After exhibits in Singapore and Hong Kong in January and February, the Manila leg of Roberto Chabet: 50 Years opened with two shows running almost simultaneously. Ziggurat at West Gallery and onethingafteranother at Finale are the most recent events in this yearlong project. The series of exhibits celebrates Roberto Chabet’s half a century of influence in the Philippine art scene.
ZIGGURAT, WEST GALLERY
Wall-bound works make up this show at West Gallery. Collages, drawings, and assembled works on canvas that allude to the pyramidal, terraced structure of the ziggurat have been arranged thematically in the gallery’s four spaces. The biggest room houses the newest set of works, while the three other rooms display pieces from 1979 to 1980. Five drawings, made with felt-tipped marking pens, hang by the elevators, at the foyer.
In Gallery 1, small rectangular canvases painted red, yellow, bright blue, black, or white have been stacked up and framed in the form of the ziggurat. Mr. Chabet’s paintings make use of these colors almost exclusively, and have become something of a trademark. In each piece, produced this year, the blocks of color seem to have been randomly put together, mixed up in various combinations. They reminded me of unfinished Rubik’s cubes.
I found myself drawn to the works on the other side of the gallery, the collages from thirty years ago. While the paintings used blocks of canvas, a handful of collected paper objects—postcards, colored envelopes, even a magic slate—make up the ziggurats for these pieces. I liked how torn bits of masking tape, now yellowed, had been set to form patterns of diagonal slashes onto most of the works. Three pieces from the set Kong Ziggurrat incorporate black and white photos of stills from the movie King Kong, quite humorous details. One of them has King Kong at the apex, as if he had just scaled the Empire State Building, the most recognizable ziggurat in the world.
Of all the collages on view, I particularly liked P.Q. from 1979. Multi-colored shreds from ripped party masks have been pasted onto three sheets of paper. Like confetti, they lie scattered on a flat plane, remnants of what must have been a fun party.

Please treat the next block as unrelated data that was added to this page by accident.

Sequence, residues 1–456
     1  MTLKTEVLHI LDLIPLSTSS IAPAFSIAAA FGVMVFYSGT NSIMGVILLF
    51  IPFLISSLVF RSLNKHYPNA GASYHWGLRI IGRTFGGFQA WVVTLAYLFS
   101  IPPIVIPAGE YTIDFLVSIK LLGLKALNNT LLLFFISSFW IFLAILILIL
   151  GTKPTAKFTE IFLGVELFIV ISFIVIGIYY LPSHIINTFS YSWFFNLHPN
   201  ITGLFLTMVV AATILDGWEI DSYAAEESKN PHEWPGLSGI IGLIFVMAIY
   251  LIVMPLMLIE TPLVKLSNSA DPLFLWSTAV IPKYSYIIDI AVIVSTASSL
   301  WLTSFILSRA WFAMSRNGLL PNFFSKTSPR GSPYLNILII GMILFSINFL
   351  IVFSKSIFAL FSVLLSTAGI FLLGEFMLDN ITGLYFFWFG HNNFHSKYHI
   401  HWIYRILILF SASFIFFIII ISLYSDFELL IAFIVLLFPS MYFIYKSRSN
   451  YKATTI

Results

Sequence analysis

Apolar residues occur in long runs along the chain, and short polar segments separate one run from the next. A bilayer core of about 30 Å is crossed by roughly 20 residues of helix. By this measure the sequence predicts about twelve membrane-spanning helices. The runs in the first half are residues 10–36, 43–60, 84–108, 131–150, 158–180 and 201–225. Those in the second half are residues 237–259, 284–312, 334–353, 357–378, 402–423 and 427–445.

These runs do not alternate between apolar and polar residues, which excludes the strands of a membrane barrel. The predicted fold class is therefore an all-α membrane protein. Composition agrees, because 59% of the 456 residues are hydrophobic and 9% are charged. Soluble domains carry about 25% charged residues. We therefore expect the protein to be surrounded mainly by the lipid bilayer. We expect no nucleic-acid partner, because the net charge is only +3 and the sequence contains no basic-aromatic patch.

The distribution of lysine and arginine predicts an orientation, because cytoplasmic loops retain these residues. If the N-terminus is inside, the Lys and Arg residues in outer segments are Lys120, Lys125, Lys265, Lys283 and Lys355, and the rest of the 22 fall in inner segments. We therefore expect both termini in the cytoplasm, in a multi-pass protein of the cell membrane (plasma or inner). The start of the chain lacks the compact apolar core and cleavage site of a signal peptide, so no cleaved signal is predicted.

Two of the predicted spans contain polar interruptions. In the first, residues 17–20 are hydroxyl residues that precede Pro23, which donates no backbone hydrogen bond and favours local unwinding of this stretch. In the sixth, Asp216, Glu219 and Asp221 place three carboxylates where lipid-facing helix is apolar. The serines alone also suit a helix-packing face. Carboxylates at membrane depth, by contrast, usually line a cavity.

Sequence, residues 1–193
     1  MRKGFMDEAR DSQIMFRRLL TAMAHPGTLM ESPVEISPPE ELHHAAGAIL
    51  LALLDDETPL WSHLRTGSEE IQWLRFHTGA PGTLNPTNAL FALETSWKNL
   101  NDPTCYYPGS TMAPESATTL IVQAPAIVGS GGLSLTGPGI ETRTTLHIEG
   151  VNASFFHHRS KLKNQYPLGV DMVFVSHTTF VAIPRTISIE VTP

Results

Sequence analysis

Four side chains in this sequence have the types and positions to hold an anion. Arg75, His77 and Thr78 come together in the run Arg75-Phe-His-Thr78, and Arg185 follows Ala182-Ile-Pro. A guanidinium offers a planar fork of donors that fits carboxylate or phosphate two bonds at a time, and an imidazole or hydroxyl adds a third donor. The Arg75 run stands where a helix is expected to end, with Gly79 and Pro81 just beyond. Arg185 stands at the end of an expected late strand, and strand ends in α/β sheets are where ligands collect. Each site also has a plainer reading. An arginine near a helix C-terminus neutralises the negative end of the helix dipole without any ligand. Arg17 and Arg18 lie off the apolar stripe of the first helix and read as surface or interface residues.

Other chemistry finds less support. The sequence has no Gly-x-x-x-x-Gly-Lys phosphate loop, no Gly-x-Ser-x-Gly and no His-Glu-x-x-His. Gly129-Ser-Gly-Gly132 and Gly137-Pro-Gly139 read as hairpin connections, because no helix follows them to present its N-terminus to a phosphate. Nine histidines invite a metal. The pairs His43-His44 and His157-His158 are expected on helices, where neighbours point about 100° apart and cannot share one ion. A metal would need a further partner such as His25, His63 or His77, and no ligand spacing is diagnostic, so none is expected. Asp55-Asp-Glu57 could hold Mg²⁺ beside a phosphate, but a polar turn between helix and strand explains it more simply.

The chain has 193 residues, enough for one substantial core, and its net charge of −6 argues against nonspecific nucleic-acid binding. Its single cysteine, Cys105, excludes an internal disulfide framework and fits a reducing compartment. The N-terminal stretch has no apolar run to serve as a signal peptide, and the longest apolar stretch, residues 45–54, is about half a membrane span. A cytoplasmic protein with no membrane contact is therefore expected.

ONETHINGAFTERANOTHER, FINALE ART FILE
Finale’s exhibit consists of three works. All have been produced this year, specifically to fit the gallery’s three spaces.
On the massive ground floor space, sheet after sheet of galvanized iron had been laid out to form a sea of steel. Neon lamps stand around the installation, casting light that bounces off the metal beneath. The best place to view the piece is on the gallery’s second floor mezzanine, on the benches that overlook the main gallery area.
The second floor mezzanine itself holds one of the show’s other pieces. The last one is found inside what is called Finale’s Video Room. Both use neon texts, words strung together without spaces. One reads onethingafteranother, the other imageafterimage.
Once I got over the intimidation of being confronted by work that seemed indecipherable, read the exhibit notes, then had my Eureka moment, I went back to Finale two days later to revisit Mr. Chabet’s work. He makes reference to Donald Judd, best known for his three-dimensional pieces from stacks of fabricated industrial materials, literally one thing after another, made into one complete whole. Mr. Chabet does the same with his continuous sheets of metal and neon texts: when piled on so close together, what once were distinct from each other transform into another completely different object. The sheets have become a glaring field of silver, the texts, as the exhibit notes describe them, “…morph into alien objects, corporeal.”
Ziggurat runs from 29 March to 23 April 2011 at West Gallery, 48 West Avenue, Quezon City. Phone (632) 411-0336 or visit http://www.westgallery.org
onethingafteranother runs from 6 to 28 April 2011 at Finale Art File, Warehouse 17, La Fuerza Compound, 2241 Pasong Tamo, Makati City. Phone (632) 813-2310 or visit http://www.finaleartfile.com